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Mexico vs. Cameroon: 6 Things We Learned

Karla Villegas GamaFeatured ColumnistJune 13, 2014

Mexico vs. Cameroon: 6 Things We Learned

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    Miguel Tovar/Getty Images

    Mexico won their first World Cup match against an African side for the first time in history as they defeated Cameroon 1-0 in their first match in Brazil.

    El Tri lost to 3-1 to Tunisia in Argentina 1978, at Germany, almost 30 years later, the team tied with Angola and grabbed another draw with South Africa in 2010.

    This time, coach Miguel Herrera brought a team that understood how to play with a 5-3-2 system, which eventually allowed the footballers to have more freedom, speed and ball possession.

    Mexico grabbed their first three points, which were crucial as the following matches will be key to determine which squads will advance to the knockout stage. 

    All advanced stats courtesy of miseleccion.mx, unless otherwise noted.

Giovani Dos Santos Played at His Best

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    Clive Rose/Getty Images

    Giovani dos Santos had always been a natural second striker. His speed, fine touch and dribbling skills set him as one of the most unbalancing players Mexico has ever had.

    After years of struggle, Miguel Herrera finally put him behind Oribe Peralta and it paid off.

    The Villarreal footballer showed great movement inside the box, fed balls to his teammates and even helped the defense when it needed support.

    There is absolutely no doubt that Dos Santos is going through his best moment. He will bring a lot to the table during the tournament.

Jose Juan Vazquez Is Up for the Challenge

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    Miguel Tovar/Getty Images

    Central midfielder Jose Juan Vazquez had only played three games with El Tri before his World Cup debut with Cameroon.

    It was worrisome because Miguel Herrera's system puts a lot of pressure in the center of the pitch. El Gallito, who has already secured two Liga MX titles with Leon, had never worn the La Verde shirt in an international tournament.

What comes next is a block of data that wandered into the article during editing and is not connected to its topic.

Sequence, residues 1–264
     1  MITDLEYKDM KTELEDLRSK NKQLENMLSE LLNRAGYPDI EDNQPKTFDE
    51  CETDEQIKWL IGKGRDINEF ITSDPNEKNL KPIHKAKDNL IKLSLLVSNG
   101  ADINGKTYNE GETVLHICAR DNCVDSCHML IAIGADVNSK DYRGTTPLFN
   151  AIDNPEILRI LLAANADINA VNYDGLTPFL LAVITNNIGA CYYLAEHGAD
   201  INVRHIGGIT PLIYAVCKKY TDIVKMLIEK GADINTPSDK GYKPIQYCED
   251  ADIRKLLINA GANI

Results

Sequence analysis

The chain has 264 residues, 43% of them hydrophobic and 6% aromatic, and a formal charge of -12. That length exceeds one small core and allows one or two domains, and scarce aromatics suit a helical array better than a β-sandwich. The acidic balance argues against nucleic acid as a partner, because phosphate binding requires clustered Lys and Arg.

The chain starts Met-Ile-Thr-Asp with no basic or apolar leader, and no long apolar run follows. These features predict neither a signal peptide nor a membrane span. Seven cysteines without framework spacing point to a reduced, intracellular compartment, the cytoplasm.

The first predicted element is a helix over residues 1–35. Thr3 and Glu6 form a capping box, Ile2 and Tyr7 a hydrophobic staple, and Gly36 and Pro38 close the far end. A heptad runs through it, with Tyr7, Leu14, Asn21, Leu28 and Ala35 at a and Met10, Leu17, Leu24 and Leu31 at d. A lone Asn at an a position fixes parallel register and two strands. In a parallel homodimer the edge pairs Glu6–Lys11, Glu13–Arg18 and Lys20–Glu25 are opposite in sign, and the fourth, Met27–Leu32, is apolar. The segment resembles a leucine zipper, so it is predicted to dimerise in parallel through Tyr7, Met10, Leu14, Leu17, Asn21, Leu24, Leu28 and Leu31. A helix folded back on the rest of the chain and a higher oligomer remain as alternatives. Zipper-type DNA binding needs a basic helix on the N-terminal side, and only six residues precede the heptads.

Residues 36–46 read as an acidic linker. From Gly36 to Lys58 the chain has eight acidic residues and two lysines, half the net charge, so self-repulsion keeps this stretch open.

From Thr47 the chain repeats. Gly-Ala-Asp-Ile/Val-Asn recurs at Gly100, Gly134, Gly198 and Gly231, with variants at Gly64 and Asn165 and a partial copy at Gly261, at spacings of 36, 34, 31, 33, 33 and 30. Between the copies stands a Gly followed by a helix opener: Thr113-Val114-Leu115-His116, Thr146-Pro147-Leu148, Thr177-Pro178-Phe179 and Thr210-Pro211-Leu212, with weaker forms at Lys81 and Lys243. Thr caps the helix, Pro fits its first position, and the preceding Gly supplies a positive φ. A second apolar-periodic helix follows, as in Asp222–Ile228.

Despite all the added pressure, Vazquez managed to complete 41 passes and only missed five, achieving 89 percent effectiveness.

    He pushed the Cameroonians and helped his team with accurate passes and structure.

Mexico Played Their Best Game in Years

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    Hassan Ammar/Associated Press

    Mexico played brilliantly. The players were patient and disciplined until they finally capitalized on their efforts.

    El Tri have a lot of talented players. Although different from what we have seen in previous rosters, this is a squad that knows how to work together.

    The link between lines was sharp. The defenders did a fine job, the midfield was strong and the attacking zone finally paid off, like it was supposed to.

    Mexico created six goal chances, had nine shots and generated 22 crosses, as reported by Squawka.

     

Hector Herrera Is Playing Better Than Ever

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    Clive Rose/Getty Images

    Hector Herrera has become an elemental player for Mexico. He is El Tri's right midfielder and tends to create plays by cutting into the box.

    The Porto footballer is also a great link player for the defense, especially when Paul Aguilar is near the goal line helping with crosses and diagonals.

    Herrera created five goal opportunities and completed 85 percent of his passes. His ball possession and distribution are his most valuable assets.

    Mexico's No.6 is living up to expectations, after being part of the U-23 squad that won the gold medal at the 2012 Summer Olympics and being named Most Valuable Player of the Toulon Tournament.

Oribe Peralta Is Always a Changing Factor

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    Sergei Grits/Associated Press

    Once again Oribe Peralta made a difference in the game. His fierceness and knack for goal scoring put him in the right spot to give Mexico the edge over Cameroon.

    The thing with the Club America striker is that despite the scenario, he fights and tries to help the team, either passing the ball, creating spaces or finishing plays, Peralta always makes a good impression.

    Against Cameroon he made a solid partnership with Giovani dos Santos. They worked together toward the same goal and they pressured the defenders on a regular basis, which was key in Mexico's success.

Refereeing Is Worrisome

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    Julian Finney/Getty Images

    The refereeing was controversial to say the least.

    Mexico scored twice in the first half, however they were nullified, as the linesman considered that Giovani dos Santos was offside in both plays. He was not.

    Coach Miguel Herrera complained vigorously but the referee had already made up his mind.

    It's not the first time we have seen this in the World Cup.

    In the opening game, Yuichi Nishimura also made some decisions that annoyed football fans and media all over the world as they included a controversial penalty kick.

     

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